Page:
Pork Roll

Fiesta Oaxaca and Los Amigos lured me back to the pork side

Some years ago I found myself utterly grossed-out while halfway through eating a beautiful steak I’d cooked perfectly. Not only was the act of eating sickening, but I kept reading about how factory farming was destroying the planet. Armed with prior years of vegetarianism that I’d given up on because I really wanted a Bobcat Bite burger that one time, I quit meat right then and there and entered a world of more bread and cheese per meal than I ever thought possible. Veganism was never an option.

Eventually, my doctor told me I had to add an occasional piece of fish to my repertoire because—and I say this with all respect to the vegans—I found myself exhausted regularly despite how I was supplementing my diet with vitamins and upping my non-meat proteins. Still, for the most part, I did not experience the siren call of meat.

But then something interesting happened recently while I was working on a story: I watched chef Fernando Ruiz make pork tacos, decided I at least needed to try a bite and, just like that, fell in love with pork again. I started slowly—pretty much just the carnitas tacos at Paloma during a dinner and then, for a long time, nothing. But during two separate meals over the last week, I found myself riding the pork train hard, and you know what? No regrets.

Last Friday, a friend suggested we check out Fiesta Oaxaca (135 W Palace Ave., (505) 982-9525), an eatery their partner swears by and one that had been on my “I’ll get to it at some point” list. Now that I’ve eaten there, I’m forced to ask myself why I slept on it for so long. First of all, the entire menu cuts a swath across the cuisine of Southern Mexico (with nods to Spanish, French and Afro-Caribbean styles to boot), and literally every item can be made vegan thanks to a little something called fake meat (mostly Seitan in this case). In other words, I could’ve been going to town this whole time, and I feel like it was a missed opportunity. My plan was to avoid meat, too, but then you see something on the menu like the al pastor burrito ($14), and you think that slow-cooked pork might just recapture those feels from Ruiz’s tacos.

And so they did. Fiesta Oaxaca’s take on the pork dish finds the meat sautéed with tomatoes, guajillo chili, chipotle, garlic, onion and pineapple. Wrapped in a gargantuan tortilla and served with red and green salsas frescas plus Oaxacan cheese, it was a triumph of flavors and textures. Even better? I felt stronger than the freaking Hulk after I crushed that bad boy—and I particularly loved the interplay of the sweet pineapple against the slight bitterness of the red salsa.

My buddy zeroed in on a dish dubbed lengua capiada, a delightful meal featuring battered beef tongue lightly fried with tomato, olives and capers. “Ohmygod,” they remarked at first bite. “They’re nailing this.” Still unable to bring myself into the red meat arena, I could only watch as they tore through it ravenously. Occasionally, they’d offer up comments about its tenderness and how well it was cooked. If you’re a beef tongue kinda diner, I gleaned, this could be a new favorite. My abridged take on Fiesta Oaxaca? I’ll be back so hard.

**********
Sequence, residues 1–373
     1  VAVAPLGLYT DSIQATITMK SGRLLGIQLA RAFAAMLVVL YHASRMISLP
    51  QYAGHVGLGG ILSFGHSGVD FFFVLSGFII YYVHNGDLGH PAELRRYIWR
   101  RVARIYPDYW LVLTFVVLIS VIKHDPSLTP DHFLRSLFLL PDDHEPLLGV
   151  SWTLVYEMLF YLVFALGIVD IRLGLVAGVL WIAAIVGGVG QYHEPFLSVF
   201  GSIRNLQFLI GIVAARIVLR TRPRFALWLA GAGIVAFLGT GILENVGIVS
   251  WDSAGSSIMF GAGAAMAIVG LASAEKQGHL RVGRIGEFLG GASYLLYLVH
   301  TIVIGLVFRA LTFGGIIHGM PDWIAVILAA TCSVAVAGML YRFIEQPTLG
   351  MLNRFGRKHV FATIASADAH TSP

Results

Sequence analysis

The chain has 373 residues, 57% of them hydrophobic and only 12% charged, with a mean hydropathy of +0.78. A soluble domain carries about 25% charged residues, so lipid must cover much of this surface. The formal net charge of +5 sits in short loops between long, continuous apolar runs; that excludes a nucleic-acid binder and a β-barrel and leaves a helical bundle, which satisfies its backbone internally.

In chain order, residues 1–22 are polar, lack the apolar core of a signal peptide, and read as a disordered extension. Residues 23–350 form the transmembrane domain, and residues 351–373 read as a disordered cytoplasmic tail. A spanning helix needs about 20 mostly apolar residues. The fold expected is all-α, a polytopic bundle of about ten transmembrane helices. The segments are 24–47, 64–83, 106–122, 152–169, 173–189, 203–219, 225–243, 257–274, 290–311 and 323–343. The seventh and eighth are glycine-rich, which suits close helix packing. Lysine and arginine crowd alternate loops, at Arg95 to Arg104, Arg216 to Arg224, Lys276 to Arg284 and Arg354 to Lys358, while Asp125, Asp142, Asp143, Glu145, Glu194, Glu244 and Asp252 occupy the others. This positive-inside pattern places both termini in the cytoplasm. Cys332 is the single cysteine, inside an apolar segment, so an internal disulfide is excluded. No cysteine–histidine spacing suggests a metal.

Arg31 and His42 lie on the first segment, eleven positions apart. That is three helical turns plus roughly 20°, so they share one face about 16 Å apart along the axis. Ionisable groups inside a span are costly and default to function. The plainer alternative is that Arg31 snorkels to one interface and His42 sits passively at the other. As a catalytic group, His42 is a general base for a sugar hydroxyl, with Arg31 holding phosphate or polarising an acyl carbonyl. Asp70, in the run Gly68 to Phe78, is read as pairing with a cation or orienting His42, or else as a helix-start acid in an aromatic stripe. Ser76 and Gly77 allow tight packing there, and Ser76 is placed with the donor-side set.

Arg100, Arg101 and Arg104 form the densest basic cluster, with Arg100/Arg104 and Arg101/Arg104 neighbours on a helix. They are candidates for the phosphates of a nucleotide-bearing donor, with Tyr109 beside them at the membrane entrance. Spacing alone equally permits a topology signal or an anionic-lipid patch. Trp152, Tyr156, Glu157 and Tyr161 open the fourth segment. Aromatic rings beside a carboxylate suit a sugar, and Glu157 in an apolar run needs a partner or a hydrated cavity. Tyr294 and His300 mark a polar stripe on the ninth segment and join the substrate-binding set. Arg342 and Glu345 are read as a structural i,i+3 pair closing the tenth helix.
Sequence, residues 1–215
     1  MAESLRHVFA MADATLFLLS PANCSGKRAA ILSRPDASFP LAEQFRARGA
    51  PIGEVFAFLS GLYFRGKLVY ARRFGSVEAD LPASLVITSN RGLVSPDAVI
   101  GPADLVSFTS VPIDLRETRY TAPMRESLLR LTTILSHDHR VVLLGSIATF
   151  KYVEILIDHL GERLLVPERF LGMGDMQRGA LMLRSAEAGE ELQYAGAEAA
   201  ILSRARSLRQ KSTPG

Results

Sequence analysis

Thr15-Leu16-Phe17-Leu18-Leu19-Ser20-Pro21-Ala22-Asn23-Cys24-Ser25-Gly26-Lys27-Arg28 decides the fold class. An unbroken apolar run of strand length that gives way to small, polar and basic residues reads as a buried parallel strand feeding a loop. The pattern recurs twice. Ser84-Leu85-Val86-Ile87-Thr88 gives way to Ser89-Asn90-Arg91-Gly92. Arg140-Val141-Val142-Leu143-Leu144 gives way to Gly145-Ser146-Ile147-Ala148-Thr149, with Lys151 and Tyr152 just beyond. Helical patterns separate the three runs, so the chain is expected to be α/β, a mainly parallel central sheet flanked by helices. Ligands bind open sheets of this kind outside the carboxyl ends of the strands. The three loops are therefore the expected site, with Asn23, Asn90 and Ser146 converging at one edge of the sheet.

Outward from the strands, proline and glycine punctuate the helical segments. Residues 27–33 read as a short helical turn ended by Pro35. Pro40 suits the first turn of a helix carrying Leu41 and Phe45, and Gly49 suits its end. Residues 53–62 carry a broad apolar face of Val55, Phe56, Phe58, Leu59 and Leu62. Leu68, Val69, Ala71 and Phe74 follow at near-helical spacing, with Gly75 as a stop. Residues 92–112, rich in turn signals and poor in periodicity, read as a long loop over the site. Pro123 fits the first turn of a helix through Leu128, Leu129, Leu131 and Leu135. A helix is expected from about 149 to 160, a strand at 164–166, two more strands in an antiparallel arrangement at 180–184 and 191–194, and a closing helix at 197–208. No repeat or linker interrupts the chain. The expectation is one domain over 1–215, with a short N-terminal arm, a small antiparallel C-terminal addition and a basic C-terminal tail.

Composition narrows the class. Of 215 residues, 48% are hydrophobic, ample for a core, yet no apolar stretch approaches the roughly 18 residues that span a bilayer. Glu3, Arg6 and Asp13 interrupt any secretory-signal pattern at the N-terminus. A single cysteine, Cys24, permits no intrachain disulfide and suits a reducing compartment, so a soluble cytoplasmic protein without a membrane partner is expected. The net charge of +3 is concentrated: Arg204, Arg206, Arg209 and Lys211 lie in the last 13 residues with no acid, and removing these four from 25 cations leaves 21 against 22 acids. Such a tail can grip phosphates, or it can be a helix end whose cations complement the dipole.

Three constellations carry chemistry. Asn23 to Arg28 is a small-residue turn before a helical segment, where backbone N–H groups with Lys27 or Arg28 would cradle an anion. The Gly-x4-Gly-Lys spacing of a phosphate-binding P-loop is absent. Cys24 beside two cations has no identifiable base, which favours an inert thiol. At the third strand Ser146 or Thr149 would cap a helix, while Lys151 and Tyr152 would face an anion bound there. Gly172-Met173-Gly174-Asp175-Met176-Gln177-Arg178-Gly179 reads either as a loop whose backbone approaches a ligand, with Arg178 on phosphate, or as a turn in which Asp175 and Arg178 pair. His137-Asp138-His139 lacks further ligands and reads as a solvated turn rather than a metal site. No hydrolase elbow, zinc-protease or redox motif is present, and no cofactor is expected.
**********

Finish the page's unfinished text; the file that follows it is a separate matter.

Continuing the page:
Two days later and I was on the Southside to hit up a restaurant I haven’t visited in ages but always consider whenever I drive by: Los Amigos (3904 Rodeo Road, (505) 438-0600). Santa Fe is one of those towns where a healthy number of old-timers inside can be an earmark of culinary quality, and the bevy of those, not to mention the laid-back ambiance, made the trip feel right. This time I dined with another companion who didn’t want to go the meat route and selected cheese enchiladas ($9.99). But seeing as how I’d already veered into pork country several times in recent weeks, I chose to order one of my all-time favorite New Mexican dishes and one of the few I missed during my myriad meatless months: the carne adovada burrito ($11.99).

While my companion said they would describe their X-mas enchiladas as “fine, better with the red chile,” I’m prepared to call Los Amigos’ carne adovada the best I’ve eaten in a million years. Don’t get me wrong, you’ll find plenty of places that serve this dish, but I’ve nary had a more tender and flavorful version. You’re probably thinking that it had been so long since I’d eaten meat, how would I have known? Well, and I’m sure you know what I’m talking about, one doesn’t forget an incredible adovada, and this one ranked among them. Los Amigos knows what it’s doing in the red chile department, and with an explosively flavorful combo of subtle spices making up a sauce that prioritized flavor over heat (something I love when restaurants do), I could barely contain myself. Los Amigos has a massive sopaipilla, too, which I used to create my own mini stuffed sopa.

“Do I just eat pork now?” I wondered to myself inside my head.

“If it comes like this, I just might,” I responded to myself.

One suggestion? Los Amigos offers small and large burrito sizes, and you should go with the large. Lord knows I will when I return, which will likely be any day now.

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